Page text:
But global soil quality is more problematic is even as critical as water….

          http://www.upi.com/Science_News/2013/11/04/Researchers-World-ignores-soil-quality-at-its-peril-may-be-at-risk/UPI-99581383610212/: “While the high use of fertilizers, irrigation and plowing provides a false sense of security, about 1 percent of global land area is degraded every year, the Scholeses said.”

          http://www.wamis.org/agm/meetings/rsama08/S301-Lal-Climate_Change_and_Soil-Quality.pdf“Climate Change • Projected climate change may exacerbate the problem of desertification, drought and soil degradation. • It is essential to identify and implement coping (mitigation) and adaptive strategies. and “Other Soil Related Constraints In South Asia • Low AWC (Available Water Capacity) in rainfed soils • Poor quality soils • Depleted of nutrients and SOC (Soil Organic Carbons) • Extractive farming

          The second one is quite good in summarizing the key factors.

          • Scott Walker says:

            Hello, Yes I a too am more worried about our Mother Earth than the financial systems of the world as financial systems, they have come and gone of history.

            On the environment and water etc. Bad signs everywhere we look, it is especially disturbing to me to see the state of our fisheries, corral, and timberlands and jungles etc. overpopulation combined with greed.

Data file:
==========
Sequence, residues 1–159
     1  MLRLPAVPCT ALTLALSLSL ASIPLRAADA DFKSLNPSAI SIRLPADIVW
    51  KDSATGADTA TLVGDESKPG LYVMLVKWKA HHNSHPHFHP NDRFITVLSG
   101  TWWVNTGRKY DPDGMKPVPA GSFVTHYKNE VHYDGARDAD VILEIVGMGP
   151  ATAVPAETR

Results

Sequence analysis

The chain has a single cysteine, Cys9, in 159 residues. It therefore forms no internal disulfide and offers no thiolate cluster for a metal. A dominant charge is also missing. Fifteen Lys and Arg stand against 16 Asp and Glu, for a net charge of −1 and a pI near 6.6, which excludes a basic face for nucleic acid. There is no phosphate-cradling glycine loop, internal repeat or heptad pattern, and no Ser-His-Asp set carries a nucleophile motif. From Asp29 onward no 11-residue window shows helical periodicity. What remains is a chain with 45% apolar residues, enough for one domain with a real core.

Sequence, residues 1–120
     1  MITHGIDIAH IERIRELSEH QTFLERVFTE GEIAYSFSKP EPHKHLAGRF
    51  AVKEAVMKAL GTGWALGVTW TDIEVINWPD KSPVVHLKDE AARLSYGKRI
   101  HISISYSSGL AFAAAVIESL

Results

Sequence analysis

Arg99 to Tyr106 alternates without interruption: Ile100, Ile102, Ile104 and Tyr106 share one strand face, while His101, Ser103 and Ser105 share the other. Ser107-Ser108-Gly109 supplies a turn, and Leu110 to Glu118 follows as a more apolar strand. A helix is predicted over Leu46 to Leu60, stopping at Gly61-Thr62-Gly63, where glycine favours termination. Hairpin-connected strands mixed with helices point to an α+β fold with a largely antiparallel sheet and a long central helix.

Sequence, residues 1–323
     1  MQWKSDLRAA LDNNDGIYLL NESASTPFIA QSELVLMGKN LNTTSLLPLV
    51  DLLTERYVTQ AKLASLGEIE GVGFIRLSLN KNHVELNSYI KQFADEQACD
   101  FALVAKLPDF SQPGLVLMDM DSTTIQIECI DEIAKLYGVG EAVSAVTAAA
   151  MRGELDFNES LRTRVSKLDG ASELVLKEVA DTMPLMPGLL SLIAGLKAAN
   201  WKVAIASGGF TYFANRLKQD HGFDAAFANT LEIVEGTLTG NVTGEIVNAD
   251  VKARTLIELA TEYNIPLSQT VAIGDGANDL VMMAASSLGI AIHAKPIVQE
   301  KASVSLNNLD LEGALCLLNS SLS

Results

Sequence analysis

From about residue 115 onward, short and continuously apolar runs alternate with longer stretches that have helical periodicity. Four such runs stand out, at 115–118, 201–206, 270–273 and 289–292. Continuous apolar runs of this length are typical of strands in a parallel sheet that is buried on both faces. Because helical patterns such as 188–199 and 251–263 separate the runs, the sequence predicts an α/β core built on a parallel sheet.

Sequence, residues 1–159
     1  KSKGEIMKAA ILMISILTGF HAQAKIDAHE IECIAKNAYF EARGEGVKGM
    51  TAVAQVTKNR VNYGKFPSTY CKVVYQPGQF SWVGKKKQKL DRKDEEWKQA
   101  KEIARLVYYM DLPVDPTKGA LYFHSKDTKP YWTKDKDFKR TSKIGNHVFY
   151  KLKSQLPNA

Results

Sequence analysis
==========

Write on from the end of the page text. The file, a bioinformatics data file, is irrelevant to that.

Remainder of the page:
Seems to be our recipe for our future with less quality, quantity and availability of things many generations that came before us basically took for granted.

            Looks like a slow way down but hopefully we can change, not too encouraging for our grandchildren to look at if they even understood it.

            Kind regards,


    • Paul says:

      I agree – hyperinflation then deflation.

      I look at this plateau as a time to prepare. My wife says why bother – and she might be right – but when things unravel our survival instinct will kick in and anything we have done in advance will be valued at some point.

  25. Gail, an excellent post as always.
    It does not bode well for the future. I am reminded of what Michael Ruppert stated in his documentary Collapse: “You have finite energy and you have a financial paradigm which demands infinite growth and we are at a point in human history where the infinite growth paradigm collides with something that is more powerful than money is.”